My biggest challenge was to not feel guilty that I wasn’t chasing goals. Maintaining my belief, trusting self, patience and sticking to what needed to be developmentally done at an internal level.
We are so programmed for ongoing evidence of growth and success, aren’t we? In this context, my need for significance, feeling obliged to prove my self-worth through the finding and winning new client assignments was ever present as a distracting force.
My wife has my greatest admiration for her undying faith and support through these challenges. The same applies to my select friends and coaches in that period. Please never underestimate the value or more importantly never to take such support for granted.
The Biggest Factors For Any “Successful” Sabbatical?
I found one key factor to be maintaining the time and space to reflect and think. No pressure to have to produce out of guilt. This period is an investment. It is not a cost.
I don’t believe a sabbatical needs to necessarily have a detailed plan or structure but it should have a defined purpose and a time-frame and some milestones along the way to ensure it is able to look back on some outcomes it was intended to have achieved.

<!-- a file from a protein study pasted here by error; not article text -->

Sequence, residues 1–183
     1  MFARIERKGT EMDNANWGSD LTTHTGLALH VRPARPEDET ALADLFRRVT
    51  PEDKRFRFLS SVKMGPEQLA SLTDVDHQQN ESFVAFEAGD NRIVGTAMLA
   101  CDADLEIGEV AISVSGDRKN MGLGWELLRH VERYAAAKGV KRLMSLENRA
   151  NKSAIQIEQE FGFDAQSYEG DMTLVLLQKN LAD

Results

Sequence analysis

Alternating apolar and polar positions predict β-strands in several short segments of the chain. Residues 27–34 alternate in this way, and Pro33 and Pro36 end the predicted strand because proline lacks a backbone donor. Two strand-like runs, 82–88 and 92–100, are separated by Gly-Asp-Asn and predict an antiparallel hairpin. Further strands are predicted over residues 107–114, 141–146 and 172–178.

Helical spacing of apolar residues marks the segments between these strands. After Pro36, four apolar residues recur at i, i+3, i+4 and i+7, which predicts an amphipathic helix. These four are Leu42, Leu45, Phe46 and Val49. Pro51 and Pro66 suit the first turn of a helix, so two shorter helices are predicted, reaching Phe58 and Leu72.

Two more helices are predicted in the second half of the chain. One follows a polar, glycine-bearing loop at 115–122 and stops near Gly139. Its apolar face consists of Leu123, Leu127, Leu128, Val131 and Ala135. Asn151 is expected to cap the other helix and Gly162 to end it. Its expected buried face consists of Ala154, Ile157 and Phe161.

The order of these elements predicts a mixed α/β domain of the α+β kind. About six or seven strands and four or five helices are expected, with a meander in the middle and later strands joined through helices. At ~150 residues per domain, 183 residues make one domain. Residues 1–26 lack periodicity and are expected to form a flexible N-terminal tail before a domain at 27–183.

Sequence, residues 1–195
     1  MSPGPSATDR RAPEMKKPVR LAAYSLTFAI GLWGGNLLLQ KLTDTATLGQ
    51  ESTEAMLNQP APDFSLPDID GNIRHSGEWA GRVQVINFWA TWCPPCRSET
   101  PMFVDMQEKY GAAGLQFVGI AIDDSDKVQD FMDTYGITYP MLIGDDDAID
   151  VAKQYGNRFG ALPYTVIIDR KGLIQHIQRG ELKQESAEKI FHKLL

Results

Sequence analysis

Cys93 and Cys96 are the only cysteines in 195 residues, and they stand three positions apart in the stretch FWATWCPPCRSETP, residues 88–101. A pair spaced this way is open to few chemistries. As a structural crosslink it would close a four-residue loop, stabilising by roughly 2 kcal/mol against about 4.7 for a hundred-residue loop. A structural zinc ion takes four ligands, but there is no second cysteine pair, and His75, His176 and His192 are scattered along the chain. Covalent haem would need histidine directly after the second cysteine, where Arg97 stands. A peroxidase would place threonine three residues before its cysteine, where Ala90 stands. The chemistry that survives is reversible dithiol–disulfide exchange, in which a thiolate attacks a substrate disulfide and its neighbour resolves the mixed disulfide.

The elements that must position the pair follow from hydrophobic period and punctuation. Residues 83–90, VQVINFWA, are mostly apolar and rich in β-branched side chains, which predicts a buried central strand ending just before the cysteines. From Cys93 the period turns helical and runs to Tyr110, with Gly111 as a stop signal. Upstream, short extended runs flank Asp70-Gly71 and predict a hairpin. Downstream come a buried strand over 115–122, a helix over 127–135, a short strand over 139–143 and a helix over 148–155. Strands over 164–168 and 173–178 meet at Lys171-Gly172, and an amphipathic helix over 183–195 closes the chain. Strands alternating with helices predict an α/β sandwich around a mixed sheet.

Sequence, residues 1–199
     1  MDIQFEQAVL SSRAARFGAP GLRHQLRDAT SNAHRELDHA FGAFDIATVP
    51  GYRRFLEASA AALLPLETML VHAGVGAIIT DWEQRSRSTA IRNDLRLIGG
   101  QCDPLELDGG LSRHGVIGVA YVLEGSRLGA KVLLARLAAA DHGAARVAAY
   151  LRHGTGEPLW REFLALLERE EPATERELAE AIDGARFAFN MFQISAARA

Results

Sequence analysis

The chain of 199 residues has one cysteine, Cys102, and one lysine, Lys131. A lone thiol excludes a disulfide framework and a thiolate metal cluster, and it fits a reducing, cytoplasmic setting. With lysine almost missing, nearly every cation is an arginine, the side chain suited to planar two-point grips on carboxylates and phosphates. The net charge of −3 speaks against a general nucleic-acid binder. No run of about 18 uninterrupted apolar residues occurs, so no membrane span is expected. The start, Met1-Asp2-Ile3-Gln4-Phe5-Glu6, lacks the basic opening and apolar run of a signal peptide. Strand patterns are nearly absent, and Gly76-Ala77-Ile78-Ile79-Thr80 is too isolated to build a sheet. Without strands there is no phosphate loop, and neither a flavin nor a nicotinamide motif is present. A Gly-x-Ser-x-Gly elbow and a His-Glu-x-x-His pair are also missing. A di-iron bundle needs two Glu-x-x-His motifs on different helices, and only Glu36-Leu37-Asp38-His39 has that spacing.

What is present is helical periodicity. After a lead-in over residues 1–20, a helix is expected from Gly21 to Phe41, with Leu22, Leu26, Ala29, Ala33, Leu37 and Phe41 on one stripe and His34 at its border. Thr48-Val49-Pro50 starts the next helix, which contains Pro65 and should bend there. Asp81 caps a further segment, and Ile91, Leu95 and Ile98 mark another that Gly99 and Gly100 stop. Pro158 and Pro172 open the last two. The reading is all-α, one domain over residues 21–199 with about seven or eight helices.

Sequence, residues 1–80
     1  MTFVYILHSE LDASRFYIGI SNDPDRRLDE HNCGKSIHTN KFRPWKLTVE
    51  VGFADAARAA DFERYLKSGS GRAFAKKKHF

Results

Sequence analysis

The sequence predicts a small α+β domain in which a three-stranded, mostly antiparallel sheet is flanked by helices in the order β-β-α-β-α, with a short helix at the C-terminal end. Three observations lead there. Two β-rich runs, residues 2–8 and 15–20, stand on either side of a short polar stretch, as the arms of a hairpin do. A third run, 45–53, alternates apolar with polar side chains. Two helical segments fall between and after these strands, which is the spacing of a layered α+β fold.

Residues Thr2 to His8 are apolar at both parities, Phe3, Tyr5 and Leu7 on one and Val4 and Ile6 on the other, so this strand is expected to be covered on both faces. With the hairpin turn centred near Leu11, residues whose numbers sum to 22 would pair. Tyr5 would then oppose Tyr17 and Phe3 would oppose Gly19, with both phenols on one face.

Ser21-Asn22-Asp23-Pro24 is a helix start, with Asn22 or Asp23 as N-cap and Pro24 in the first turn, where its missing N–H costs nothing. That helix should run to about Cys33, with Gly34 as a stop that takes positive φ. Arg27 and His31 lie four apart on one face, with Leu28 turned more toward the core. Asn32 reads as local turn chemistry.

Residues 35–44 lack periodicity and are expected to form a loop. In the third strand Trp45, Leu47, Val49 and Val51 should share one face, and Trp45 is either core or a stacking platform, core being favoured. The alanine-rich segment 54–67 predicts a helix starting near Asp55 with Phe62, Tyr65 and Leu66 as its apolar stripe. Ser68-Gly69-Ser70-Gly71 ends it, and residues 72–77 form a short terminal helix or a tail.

I found it a curious mix in that it works best when it has an overall objective and a broad plan including the primary areas of focus across a broad milestone based timeline but that it then shouldn’t tie you down to the typical treadmill based existence you are trying to escape from in the first place. Sabbaticals work best when there is plenty of time and space to just be; to smell the roses and to have lots if untenured time to reflect; doing things you love but normally don’t make time for. Spending time with people you love and admire. Seeking time around new people and new ideas. And in doing so, allowing your right brain and your unconscious level resources to emerge to take those new ideas and to feed you new insights which your busy life would normally not enable, even block.